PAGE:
Beginning in the 2014-2015 academic year, the Cold War Studies Programme at LSE IDEAS, the Department of International History at LSE and the Centre d’histoire de Sciences Po are co-organising the joint LSE-Sciences Po Seminar in Contemporary International History (HY510), formerly the Cold War Research Seminar.
The seminar welcomes presentations on any aspect of contemporary international history, with a focus on the Cold War, broadly defined. The seminar is an ideal environment to share work such as PhD chapters, journal articles, or sections of monographs or books and provides a forum for the discussion of new research by PhD students, postdoctoral researchers, and faculty members from the UK, France, and elsewhere.
Sessions are held at both institutions in complementary weeks. For each session the paper is made available one week in advance on a password-protected webpage. Participants are asked to read the papers ahead of the seminar and individuals from both institutions are encouraged to leave comments and questions on the online discussion forum.
The seminar is open to all PhD students and staff at both institutions. We also welcome participants from outside LSE and Sciences Po. If you would like to take part in the seminar, please e-mail the course organiser, stating your affiliation and area of research.
The seminar is co-convened by Professor Arne Westad (LSE), Dr Piers Ludlow (LSE), and Professor Mario Del Pero (Sciences Po) and organised by Dr Luc-André Brunet (LSE).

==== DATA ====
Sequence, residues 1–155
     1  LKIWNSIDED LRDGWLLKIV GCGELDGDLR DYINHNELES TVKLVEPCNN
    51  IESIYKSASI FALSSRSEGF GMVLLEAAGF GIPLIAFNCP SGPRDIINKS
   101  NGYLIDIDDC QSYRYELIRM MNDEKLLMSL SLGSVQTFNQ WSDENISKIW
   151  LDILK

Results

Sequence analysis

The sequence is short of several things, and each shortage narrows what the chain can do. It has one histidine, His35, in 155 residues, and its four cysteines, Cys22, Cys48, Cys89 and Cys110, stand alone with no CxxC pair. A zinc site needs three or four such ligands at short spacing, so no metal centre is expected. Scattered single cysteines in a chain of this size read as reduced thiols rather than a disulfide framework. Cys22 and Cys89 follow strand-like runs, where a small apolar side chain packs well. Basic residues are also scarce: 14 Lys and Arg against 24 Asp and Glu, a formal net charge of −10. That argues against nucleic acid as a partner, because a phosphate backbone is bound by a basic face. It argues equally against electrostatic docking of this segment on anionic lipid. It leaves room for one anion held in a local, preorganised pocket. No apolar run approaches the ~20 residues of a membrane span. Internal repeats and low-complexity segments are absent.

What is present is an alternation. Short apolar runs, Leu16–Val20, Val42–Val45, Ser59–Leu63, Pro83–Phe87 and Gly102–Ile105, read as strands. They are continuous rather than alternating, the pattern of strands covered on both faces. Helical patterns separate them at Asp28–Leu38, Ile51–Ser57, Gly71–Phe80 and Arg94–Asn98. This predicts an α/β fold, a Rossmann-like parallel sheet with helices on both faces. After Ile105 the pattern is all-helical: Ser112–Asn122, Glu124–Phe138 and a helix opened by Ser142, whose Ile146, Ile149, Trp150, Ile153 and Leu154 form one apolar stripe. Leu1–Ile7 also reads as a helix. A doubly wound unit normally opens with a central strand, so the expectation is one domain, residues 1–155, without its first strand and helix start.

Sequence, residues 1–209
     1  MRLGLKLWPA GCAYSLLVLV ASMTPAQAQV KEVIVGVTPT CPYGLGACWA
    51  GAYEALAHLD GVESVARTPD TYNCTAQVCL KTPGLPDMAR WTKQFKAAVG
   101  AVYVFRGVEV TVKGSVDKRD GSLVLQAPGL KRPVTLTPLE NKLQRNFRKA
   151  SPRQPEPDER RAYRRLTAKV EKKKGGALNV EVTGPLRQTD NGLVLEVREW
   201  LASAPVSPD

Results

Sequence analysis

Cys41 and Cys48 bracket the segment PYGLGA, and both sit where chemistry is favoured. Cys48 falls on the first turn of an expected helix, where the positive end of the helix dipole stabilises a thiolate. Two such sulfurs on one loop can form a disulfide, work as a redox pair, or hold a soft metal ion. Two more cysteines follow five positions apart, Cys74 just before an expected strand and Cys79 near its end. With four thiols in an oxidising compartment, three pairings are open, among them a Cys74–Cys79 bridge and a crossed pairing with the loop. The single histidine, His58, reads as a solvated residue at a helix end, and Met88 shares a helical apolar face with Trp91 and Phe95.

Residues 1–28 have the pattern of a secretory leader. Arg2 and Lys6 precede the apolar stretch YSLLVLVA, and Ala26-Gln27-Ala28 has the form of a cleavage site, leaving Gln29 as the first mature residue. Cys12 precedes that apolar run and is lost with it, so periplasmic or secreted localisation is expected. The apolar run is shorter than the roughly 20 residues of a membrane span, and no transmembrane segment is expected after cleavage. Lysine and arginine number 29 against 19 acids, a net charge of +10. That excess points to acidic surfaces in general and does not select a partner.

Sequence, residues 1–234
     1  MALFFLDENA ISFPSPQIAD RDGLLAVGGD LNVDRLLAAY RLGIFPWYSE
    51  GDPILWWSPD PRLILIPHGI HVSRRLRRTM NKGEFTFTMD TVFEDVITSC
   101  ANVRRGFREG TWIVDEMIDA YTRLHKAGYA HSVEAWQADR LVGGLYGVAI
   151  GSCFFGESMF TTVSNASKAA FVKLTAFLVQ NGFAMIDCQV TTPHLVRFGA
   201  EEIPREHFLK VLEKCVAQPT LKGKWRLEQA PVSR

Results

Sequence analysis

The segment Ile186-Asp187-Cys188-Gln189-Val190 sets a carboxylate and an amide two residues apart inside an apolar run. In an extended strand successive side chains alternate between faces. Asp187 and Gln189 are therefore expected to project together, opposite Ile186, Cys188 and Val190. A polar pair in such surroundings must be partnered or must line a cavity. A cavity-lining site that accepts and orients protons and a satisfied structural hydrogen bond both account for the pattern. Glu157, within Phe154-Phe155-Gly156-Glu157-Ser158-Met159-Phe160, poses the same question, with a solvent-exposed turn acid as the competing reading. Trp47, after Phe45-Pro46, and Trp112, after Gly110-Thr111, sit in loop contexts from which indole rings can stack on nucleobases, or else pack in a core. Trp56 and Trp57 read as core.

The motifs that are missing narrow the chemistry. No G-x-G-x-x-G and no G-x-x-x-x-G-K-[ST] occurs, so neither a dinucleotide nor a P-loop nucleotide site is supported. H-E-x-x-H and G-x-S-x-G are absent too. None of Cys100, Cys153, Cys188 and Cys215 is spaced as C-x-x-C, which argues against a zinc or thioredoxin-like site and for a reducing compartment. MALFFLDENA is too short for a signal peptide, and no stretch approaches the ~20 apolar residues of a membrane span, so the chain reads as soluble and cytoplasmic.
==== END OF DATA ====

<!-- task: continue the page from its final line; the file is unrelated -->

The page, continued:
Unless otherwise noted below, the sessions at LSE are held Wednesdays, 4-6pm (London time) in room TW2.904, on the ninth floor of Tower Two (access through Tower One) and the sessions at Sciences Po are held Wednesdays, 17h-19h (Paris time) in salle Jean Monnet, 56 rue Jacob.
This joint seminar is supported by Academic Partnerships.
Valeria Zanier (LSE), ‘Bureaucracy, business and adventure, China-Europe trade relations in the early Cold War (1952-1957)’
Rui Lopes (Universidade Nova de Lisboa), "A fabulous speck on the Earth's surface": Hollywood depictions of Macao as a dysfunctional Portuguese colony’
Nina Valbousquet (Sciences Po), ‘An Anti-Semitic International: Catholic and Far-Right Connections and Networks (1917-1920s)’
Élie Tenenbaum (Sciences Po), ‘A strategic laboratory: South-East Asia and Western powers' cross-learning in irregular warfare (1949-1959)’
Guy Laron (Hebrew University of Jerusalem/Oxford), 'Generals at the Helm: A Global History of the Six Day War'
Claudia Castiglioni (University Ca' Foscari of Venice/Sciences Po), 'Iran, Western Europe and the revolution of 1979: political, strategic and energy issues'
Alessandro Iandolo (LSE), ‘Beyond the shoe: rethinking Khrushchev at the 1960 UN General Assembly’
Nicolas Delalande (Sciences Po), ‘Transnational Solidarity in the Making: Labour strikes, money transfers, and the First International, 1864-1872’
Andrea Chiampan (Graduate Institute), ‘NATO and the Origins of the Cruise Missile Controversy, 1973-1978’
Anton Harder (LSE), ‘Sino-Indian Relations, 1953-1957: Cooperation and Conflict’
Anders Stephanson (Columbia), ‘Presenting the Philippines: World Expositions, Architecture, Empire, Roads, Race and maybe the Real’
Aurélie Basha (LSE), 'Robert S. McNamara and the Economics of Withdrawal from South Vietnam'
Arne Westad (LSE), ‘La guerre froide: une histoire européenne?’''
Luc-André Brunet (LSE), ‘De Gaulle, the Monnet Plan, and the Origins of the Cold War in France’